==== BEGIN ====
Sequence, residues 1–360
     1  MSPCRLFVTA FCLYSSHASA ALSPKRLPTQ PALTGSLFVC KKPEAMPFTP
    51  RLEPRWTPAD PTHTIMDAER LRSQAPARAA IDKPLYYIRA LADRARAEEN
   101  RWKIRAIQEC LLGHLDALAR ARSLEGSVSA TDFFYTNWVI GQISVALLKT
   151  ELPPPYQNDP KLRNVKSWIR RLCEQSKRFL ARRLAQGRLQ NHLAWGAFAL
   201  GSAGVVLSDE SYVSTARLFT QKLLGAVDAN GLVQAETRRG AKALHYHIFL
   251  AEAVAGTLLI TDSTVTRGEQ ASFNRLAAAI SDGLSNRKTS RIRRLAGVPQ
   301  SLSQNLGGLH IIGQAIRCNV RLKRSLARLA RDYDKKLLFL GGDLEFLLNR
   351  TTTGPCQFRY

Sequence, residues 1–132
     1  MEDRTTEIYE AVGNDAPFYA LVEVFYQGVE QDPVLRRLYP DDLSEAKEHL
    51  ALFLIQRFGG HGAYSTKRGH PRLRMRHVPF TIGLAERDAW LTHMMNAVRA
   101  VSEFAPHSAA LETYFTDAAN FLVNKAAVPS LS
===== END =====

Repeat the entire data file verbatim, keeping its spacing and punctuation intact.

Sequence, residues 1–360
     1  MSPCRLFVTA FCLYSSHASA ALSPKRLPTQ PALTGSLFVC KKPEAMPFTP
    51  RLEPRWTPAD PTHTIMDAER LRSQAPARAA IDKPLYYIRA LADRARAEEN
   101  RWKIRAIQEC LLGHLDALAR ARSLEGSVSA TDFFYTNWVI GQISVALLKT
   151  ELPPPYQNDP KLRNVKSWIR RLCEQSKRFL ARRLAQGRLQ NHLAWGAFAL
   201  GSAGVVLSDE SYVSTARLFT QKLLGAVDAN GLVQAETRRG AKALHYHIFL
   251  AEAVAGTLLI TDSTVTRGEQ ASFNRLAAAI SDGLSNRKTS RIRRLAGVPQ
   301  SLSQNLGGLH IIGQAIRCNV RLKRSLARLA RDYDKKLLFL GGDLEFLLNR
   351  TTTGPCQFRY

Sequence, residues 1–132
     1  MEDRTTEIYE AVGNDAPFYA LVEVFYQGVE QDPVLRRLYP DDLSEAKEHL
    51  ALFLIQRFGG HGAYSTKRGH PRLRMRHVPF TIGLAERDAW LTHMMNAVRA
   101  VSEFAPHSAA LETYFTDAAN FLVNKAAVPS LS